The solar power industry has suffered from reports of imperfect equipment and incompetent companies trying to cash in on what looked like easy pickings, but the real industry has advanced steadily, not only in the available equipment but in the benefits it has brought to many people. Construction has started in Yuma County, near Dateland, Ariz., for the 290 MW Agua Caliente solar project-the world's largest operational photovoltaic (PV) plant. Built by First Solar Inc., Agua Caliente will generate enough clean solar energy to serve some 100,000 average homes per year when fully operational. In addition to First Solar's advanced thin film PV modules, the 2,400-acre plant will feature more than 400 SMA Sunny Central 720 CP inverters.
In continuous operation, the SMA Sunny Central CP inverter series can feed 720 kVA to the grid at ambient temperatures to 77F, 110 percent rated nominal power, resulting in increased power production. These inverters are for use in large, open-field PV power plants such as Agua Caliente. NRG Energy acquired Agua Caliente in August 2011. First Solar will continue to build, operate and maintain the project. Power generated by the installation will be sold to the Pacific Gas and Electric Co.
Progress Needs Preparation
Training to include product knowledge and operational best practices is as important in alternative power projects as it is in any other industrial or commercial project. Since 2008, ONTILITY has held solar installer classes for business owners, contractors and individuals in Louisiana and Texas. Nearly 3,000 electricians, engineers, contractors, entrepreneurs, displaced workers, career changers and unemployed young people have benefited. In a related area, ONTILITY also operates a solar product distribution warehouse, with multi-million dollar inventory from more than 100 carefully selected manufacturers. In addition to training and distribution, ONTILITY has a range of partner support services, including engineering and design consulting, proposal support, marketing and sales programs, technological solutions, financial support and due diligence, lease programs and project consulting. You can see that this is not a cottage industry or home garage operation. It's the strong beginnings of a wanted and successful industry.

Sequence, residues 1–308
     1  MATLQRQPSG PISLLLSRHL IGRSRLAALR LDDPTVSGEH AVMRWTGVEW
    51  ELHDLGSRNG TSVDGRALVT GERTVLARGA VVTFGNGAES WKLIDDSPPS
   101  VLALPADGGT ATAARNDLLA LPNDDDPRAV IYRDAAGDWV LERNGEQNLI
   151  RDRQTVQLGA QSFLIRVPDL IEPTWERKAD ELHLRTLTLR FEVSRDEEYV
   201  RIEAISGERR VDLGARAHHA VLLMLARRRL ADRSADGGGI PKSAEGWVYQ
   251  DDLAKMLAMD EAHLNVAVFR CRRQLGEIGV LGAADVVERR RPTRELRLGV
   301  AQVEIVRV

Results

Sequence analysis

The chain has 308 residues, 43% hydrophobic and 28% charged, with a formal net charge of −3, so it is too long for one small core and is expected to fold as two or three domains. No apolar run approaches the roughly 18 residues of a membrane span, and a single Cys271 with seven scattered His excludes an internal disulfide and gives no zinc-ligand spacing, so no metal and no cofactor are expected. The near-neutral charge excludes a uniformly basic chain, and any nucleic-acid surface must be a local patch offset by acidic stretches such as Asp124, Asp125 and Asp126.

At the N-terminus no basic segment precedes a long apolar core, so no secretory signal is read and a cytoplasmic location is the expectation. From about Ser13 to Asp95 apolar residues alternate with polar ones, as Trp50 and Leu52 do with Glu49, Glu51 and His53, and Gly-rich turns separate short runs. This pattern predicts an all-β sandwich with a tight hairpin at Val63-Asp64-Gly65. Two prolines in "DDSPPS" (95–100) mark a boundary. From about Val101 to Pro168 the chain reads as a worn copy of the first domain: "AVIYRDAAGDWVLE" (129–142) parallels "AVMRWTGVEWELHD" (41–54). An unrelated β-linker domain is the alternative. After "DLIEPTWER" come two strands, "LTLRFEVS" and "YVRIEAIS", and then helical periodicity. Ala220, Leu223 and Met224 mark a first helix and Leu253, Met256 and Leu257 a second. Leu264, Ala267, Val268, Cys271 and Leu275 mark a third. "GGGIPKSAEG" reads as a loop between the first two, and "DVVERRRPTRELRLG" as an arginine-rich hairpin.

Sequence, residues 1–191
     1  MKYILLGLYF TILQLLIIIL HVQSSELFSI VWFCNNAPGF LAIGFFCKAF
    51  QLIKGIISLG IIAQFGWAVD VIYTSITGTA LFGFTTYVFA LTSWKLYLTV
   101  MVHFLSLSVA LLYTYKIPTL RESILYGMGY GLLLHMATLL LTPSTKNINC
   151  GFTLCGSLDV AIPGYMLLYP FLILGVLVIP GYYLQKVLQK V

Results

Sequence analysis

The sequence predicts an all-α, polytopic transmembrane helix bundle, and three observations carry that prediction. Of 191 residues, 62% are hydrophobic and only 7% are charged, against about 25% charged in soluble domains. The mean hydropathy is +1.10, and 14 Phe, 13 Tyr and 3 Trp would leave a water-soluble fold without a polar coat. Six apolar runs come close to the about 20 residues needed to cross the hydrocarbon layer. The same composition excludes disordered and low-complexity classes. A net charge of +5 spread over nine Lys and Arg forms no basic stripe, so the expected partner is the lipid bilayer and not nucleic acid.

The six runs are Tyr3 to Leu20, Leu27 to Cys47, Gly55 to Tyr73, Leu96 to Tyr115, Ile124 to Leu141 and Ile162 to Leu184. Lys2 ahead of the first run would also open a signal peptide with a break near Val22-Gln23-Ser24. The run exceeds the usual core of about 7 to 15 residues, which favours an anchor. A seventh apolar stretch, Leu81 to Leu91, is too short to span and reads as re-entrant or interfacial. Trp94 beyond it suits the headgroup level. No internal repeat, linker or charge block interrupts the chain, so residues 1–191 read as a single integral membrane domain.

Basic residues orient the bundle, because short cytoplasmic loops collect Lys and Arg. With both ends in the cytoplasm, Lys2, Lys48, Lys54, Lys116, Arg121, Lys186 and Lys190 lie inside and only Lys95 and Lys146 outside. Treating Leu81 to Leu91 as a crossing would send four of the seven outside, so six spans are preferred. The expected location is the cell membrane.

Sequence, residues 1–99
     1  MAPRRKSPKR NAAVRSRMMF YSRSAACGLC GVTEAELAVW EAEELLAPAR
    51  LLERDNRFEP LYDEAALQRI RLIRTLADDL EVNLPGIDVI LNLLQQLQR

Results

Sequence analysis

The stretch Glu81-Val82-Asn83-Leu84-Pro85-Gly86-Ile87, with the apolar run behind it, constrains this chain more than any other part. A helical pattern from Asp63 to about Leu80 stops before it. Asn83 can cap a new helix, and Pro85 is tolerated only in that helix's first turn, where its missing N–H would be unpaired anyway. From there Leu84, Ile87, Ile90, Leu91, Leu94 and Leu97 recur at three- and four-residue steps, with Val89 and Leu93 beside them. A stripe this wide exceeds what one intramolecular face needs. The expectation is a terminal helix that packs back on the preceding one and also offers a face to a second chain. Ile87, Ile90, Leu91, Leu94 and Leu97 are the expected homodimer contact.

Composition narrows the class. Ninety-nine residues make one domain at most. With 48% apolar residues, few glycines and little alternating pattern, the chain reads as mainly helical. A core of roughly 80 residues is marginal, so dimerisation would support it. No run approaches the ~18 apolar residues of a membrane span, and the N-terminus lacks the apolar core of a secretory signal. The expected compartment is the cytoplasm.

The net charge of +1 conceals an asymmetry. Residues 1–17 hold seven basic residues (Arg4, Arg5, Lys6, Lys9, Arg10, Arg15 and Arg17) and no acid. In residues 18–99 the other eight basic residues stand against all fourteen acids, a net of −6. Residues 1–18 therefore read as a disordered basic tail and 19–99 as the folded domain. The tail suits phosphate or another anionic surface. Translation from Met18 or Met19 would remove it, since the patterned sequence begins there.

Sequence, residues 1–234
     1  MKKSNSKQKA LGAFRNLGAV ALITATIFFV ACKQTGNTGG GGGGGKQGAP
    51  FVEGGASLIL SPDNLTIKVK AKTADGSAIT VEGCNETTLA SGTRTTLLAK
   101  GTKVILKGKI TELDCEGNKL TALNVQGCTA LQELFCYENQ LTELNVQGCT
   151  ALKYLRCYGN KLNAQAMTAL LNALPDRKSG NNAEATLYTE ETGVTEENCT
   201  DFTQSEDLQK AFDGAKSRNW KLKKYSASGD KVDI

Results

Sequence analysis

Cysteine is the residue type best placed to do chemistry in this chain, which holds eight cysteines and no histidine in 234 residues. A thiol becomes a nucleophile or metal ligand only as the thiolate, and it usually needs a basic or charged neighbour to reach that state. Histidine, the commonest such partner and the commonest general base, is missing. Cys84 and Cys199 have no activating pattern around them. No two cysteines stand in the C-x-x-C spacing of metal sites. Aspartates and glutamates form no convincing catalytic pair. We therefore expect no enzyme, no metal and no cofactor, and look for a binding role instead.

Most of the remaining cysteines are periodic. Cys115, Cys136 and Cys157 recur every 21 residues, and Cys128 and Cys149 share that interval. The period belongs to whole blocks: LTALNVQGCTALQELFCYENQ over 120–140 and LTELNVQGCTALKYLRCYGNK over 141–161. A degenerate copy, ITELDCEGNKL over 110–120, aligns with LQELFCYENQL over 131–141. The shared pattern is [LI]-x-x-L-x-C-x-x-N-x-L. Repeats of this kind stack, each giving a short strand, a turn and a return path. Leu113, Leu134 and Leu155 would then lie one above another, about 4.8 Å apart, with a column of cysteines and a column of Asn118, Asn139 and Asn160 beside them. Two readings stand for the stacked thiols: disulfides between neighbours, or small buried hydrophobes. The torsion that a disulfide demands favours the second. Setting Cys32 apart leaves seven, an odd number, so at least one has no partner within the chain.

When Smith & Associates, a global electronics company based in Houston, recognized the problem of resource scarcity and the growing concern for the environment, company executives decided they wanted the firm to be the first in its industry to provide service in an environmentally sustainable and responsible way. They realized that to affect real change within the organization and to have a significant impact, the company needed to address not only the energy needs of its building and operations, but also its environmental and sustainability practices. Smith & Associates, therefore, set out to integrate environmental sustainability into its business operations and culture-to become part of the environmental and energy solution.
To begin the process, Smith & Associates partnered with ONTILITY-a renewable energy and energy efficiency Engineering, Procurement and Construction (EPC) consulting, solar distribution and training company-to create a roadmap for sustainability. The project began with the creation of an employee-driven sustainability group and the commitment to embark on the greening of the company's headquarters, a 60,000-square-foot, 1980s building in northwest Houston. During early discussions, the desire to install solar PV and solar thermal systems was clear. Everyone was aware, however, that without energy efficiency improvements, renewable energy measures would be disappointing. So, the project began with a comprehensive Building Performance Institute (BPI) energy audit to set baselines for efficiency and energy use. ONTILITY then helped Smith & Associates set sustainability goals and develop an implementation plan.